A decades long study (from the Harvard T.H. Chan School of Public Health) had results that many women may find reassuring - because there may be something they can do to increase their odds of preventing breast cancer. The study found that women who ate more than 5.5 servings of fruits and vegetables each day had an 11% lower risk of breast cancer than those who ate 2.5 or fewer servings daily.
While the findings support eating a variety of fruits and vegetables, they found that cruciferous (broccoli, cabbage, cauliflower) and yellow/orange vegetables (e.g. winter squash) appear to be especially beneficial in reducing the risk of breast cancer, especially those that are more aggressive tumors. The association between amount of fruits and vegetables eaten daily and breast cancer appeared to be strongest 8 or more years before cancer diagnosis - meaning fruit and vegetable intake now appears to have effects many years later.
By the way, the researchers found in earlier research that a higher fiber intake (especially during adolescence and early adulthood) was also associated with a lower beast cancer risk. Now let's see if these findings hold up over time in other studies. From Science Daily:
Women who eat a high amount of fruits and vegetables each day may have a lower risk of breast cancer, especially of aggressive tumors, than those who eat fewer fruits and vegetables, according to a new study led by researchers from Harvard T.H. Chan School of Public Health. In their findings, cruciferous vegetables such as broccoli, and yellow and orange vegetables, had a particularly significant association with lower breast cancer risk.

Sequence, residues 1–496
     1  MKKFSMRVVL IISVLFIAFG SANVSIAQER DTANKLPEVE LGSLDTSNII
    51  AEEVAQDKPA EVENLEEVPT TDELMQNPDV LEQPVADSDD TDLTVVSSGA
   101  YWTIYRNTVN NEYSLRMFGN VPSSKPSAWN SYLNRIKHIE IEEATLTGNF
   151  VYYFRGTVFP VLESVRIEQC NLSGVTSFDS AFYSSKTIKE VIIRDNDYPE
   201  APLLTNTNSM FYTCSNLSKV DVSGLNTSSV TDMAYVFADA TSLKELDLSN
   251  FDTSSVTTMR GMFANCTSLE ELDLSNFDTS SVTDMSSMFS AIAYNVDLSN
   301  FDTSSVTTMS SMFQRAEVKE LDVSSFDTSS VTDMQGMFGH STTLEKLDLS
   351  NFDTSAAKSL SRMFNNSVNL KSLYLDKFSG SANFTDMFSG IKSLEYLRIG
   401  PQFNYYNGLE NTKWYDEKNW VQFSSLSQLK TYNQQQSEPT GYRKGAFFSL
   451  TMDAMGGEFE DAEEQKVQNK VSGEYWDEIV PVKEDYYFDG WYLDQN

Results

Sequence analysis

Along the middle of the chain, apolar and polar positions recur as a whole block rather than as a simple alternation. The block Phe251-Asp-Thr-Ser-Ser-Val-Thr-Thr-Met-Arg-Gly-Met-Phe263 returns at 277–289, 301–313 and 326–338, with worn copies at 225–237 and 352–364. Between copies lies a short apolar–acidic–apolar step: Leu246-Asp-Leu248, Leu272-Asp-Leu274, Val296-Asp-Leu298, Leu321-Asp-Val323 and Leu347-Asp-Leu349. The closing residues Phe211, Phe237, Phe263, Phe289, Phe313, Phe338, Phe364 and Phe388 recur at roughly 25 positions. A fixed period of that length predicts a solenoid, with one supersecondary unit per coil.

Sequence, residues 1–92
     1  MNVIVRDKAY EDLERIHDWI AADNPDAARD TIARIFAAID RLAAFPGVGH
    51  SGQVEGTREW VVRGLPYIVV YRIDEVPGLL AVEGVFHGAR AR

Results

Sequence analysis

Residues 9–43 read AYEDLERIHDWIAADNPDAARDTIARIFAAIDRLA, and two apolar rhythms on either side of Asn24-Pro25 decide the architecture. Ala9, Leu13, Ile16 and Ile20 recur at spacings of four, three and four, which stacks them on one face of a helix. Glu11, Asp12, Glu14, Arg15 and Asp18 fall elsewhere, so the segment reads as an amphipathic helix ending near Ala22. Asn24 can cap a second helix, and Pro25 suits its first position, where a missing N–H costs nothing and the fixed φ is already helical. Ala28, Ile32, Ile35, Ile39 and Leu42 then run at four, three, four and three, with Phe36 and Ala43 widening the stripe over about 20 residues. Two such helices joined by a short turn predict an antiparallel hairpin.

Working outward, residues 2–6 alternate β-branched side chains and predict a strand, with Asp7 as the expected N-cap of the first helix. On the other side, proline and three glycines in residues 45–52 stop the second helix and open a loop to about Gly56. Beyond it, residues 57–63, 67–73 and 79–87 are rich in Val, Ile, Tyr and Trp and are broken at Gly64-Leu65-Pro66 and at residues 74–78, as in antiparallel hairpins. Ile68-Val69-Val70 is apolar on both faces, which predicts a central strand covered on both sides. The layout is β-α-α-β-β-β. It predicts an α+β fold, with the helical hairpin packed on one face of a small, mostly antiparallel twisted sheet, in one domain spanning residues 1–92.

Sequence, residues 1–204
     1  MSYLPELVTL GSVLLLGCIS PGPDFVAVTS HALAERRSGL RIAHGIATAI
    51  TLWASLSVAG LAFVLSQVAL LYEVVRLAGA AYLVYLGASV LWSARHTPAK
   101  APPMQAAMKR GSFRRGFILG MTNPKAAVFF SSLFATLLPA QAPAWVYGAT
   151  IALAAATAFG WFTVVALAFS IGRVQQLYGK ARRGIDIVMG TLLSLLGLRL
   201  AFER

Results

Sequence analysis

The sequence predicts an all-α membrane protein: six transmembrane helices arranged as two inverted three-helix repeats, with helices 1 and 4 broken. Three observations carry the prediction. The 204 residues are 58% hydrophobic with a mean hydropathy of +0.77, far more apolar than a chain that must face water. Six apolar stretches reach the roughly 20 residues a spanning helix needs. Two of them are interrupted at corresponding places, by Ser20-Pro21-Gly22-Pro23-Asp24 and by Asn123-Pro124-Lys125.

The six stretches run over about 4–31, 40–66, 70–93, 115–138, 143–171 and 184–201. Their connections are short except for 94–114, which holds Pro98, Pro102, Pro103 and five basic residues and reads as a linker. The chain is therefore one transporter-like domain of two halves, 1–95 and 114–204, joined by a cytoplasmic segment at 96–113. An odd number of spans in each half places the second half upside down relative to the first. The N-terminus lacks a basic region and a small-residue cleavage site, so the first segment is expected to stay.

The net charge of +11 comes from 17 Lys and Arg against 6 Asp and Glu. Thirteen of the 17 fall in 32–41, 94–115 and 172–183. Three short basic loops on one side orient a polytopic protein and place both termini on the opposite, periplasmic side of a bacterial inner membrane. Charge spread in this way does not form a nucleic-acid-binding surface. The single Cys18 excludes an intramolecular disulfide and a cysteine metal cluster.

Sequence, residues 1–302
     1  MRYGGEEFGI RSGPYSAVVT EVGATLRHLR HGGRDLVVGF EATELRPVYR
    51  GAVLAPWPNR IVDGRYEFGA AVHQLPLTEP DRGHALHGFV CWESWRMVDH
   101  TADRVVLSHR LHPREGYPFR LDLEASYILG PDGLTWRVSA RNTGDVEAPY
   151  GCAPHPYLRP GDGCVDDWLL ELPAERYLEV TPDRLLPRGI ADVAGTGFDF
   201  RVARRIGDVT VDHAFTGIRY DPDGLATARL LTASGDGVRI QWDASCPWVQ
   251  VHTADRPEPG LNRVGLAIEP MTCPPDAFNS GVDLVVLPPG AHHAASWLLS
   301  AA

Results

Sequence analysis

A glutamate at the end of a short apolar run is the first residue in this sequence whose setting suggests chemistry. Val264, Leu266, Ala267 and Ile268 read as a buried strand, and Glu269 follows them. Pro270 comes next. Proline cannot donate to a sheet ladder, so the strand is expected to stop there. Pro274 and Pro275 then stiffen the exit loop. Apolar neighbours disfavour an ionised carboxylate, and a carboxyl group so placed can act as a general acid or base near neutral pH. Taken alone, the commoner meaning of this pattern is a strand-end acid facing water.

"Although prior studies have suggested an association, they have been limited in power, particularly for specific fruits and vegetables and aggressive subtypes of breast cancer," said first author Maryam Farvid, research scientist in the Department of Nutrition. "This research provides the most complete picture of the importance of consuming high amounts of fruit and vegetables for breast cancer prevention." The study was published online July 6, 2018 in the International Journal of Cancer.
The researchers analyzed diet questionnaires submitted every four years by participants in the Nurses' Health Study (88,301 women, starting in 1980) and the Nurses' Health Study II (93,844 women, starting in 1991). Data on other potential breast cancer risk factors such as age, weight, smoking status, and family cancer history were taken from biennial questionnaires.
They found that women who ate more than 5.5 servings of fruits and vegetables each day had an 11% lower risk of breast cancer than those who ate 2.5 or fewer servings. (A serving is defined as one cup of raw leafy vegetables, half a cup of raw or cooked vegetables, or half a cup of chopped or cooked fruits.)
To find out whether the benefits of fruit and vegetable consumption differed among various types of breast cancers, the researchers conducted an analysis by tumor hormone receptor status and molecular subtype. They found that higher consumption of fruits and vegetables was particularly associated with lower risk of more aggressive tumors including ER-negative, HER2-enriched, and basal-like tumors.
Previous work by this research group linked reduced breast cancer risk with higher fiber intake, but the benefits of fruits and vegetables found in this study appear to be independent of their fiber content, according to the researchers. This suggests that other constituents of these foods, such as antioxidants and other micronutrients, may also be important in reducing breast cancer risk.